About us

Computational materials science is one of the fastest developing fields in Physics and Chemistry. It is focused on the investigation of the complex properties of solids and liquids on an atomistic scale - making a quantum-mechanical description of the interaction between atoms and electrons mandatory.


Although the basic concepts of quantum mechanics have been discovered about 80 years ago, a wide-scale application on materials science has only become feasible in the last decades. Based on the development of density functional theory (DFT) by Walter Kohn, systems of several hundred atoms can be routinely simulated on present-day computers.


The Vienna ab-initio Simulations Package (VASP), which has been developed in our group, is one of the most efficient implementations. At the moment, VASP is used by more than 1000 research groups in industry and academia worldwide. It is also used as a common tool within most of the research projects in our group.


In the further development of the VASP features, we concentrate on modern methods from quantum field theory and quantum chemistry.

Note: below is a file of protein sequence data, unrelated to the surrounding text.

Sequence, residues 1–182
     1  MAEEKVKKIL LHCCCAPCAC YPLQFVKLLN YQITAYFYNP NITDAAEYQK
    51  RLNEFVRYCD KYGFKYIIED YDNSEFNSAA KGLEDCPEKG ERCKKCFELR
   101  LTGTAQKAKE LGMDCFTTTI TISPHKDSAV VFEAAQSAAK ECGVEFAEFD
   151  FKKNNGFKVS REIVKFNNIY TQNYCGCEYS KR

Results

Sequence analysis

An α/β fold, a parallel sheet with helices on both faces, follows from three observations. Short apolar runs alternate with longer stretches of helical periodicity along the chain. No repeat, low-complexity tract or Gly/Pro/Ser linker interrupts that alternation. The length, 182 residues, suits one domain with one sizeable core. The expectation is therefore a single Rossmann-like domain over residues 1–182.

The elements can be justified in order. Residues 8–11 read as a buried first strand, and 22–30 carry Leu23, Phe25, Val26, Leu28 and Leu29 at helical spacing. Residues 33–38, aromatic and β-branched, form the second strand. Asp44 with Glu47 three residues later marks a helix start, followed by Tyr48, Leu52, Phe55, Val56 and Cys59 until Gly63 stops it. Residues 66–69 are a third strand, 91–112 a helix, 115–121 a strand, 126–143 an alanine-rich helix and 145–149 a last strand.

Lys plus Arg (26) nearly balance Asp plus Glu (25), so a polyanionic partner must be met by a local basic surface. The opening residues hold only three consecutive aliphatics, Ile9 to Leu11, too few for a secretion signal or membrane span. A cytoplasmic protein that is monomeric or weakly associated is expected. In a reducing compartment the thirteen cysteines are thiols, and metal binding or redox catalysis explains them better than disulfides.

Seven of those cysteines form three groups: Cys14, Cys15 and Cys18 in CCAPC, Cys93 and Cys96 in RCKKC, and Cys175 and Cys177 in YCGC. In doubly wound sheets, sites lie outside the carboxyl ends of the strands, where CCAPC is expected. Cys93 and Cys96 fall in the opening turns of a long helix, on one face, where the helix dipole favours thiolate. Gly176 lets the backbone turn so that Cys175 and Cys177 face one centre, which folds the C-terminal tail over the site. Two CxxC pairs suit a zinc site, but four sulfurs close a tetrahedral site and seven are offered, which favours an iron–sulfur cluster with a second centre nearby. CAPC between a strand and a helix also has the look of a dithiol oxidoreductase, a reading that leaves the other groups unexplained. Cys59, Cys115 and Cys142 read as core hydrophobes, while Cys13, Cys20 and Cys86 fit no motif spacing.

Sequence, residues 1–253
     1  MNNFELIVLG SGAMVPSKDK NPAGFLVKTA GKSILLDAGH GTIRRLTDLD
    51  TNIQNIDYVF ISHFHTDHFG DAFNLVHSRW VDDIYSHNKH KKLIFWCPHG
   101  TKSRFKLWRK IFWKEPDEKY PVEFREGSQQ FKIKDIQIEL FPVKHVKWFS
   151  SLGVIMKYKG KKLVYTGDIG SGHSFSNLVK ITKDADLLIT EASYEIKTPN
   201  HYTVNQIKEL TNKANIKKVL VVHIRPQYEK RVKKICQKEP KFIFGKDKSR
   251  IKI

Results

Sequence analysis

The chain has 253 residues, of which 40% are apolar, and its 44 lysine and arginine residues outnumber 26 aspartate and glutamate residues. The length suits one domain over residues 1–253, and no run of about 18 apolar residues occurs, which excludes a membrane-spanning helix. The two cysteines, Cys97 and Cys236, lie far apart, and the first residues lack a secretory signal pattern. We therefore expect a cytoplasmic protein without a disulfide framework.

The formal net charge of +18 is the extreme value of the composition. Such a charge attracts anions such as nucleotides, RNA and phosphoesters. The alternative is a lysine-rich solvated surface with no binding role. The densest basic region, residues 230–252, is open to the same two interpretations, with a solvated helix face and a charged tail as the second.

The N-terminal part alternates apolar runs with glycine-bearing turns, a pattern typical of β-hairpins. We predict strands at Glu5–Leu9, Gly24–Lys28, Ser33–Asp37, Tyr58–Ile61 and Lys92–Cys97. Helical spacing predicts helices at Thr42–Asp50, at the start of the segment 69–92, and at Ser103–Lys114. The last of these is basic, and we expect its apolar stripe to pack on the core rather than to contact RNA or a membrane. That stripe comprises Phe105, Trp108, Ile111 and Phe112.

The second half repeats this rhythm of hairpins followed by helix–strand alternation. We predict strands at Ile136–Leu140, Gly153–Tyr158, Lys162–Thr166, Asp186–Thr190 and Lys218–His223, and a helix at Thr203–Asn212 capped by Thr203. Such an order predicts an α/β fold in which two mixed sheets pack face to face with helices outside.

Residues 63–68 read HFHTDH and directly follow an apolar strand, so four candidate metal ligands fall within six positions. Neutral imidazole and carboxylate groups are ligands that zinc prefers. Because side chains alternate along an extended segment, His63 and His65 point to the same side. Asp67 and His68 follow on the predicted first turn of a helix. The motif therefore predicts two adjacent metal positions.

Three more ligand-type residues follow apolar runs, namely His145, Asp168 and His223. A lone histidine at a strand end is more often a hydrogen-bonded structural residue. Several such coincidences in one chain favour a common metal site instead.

However, the basis for most applications is and remains Walter Kohn's density functional theory. This groundbreaking method allows us to calculate systems with up to several thousand atoms on powerful parallel computers.




By combining relativistic density functional theory with an extended spin-1/2 compass-Heisenberg model, we find an antiferromagnetic single-stripe...


Cesare Franchini from the research group “Computational Materials Physics” has been appointed full professor for Quantum Materials Modelling.


Self-consistent scPBE0: evaluation of the mixing parameter alpha by means of an iterative calculation of the static dielectric constant using the...


When a crystal is cleaved, a new surface forms that interrupts the regular distribution of ions within the material.


By combining bulk sensitive soft-x-ray angular-resolved photoemission spectroscopy and first-principles calculations we explored the bulk electron...


A new framework for analysing the role of magnetic interactions on the unconventional superconductivity in strontium ruthenate.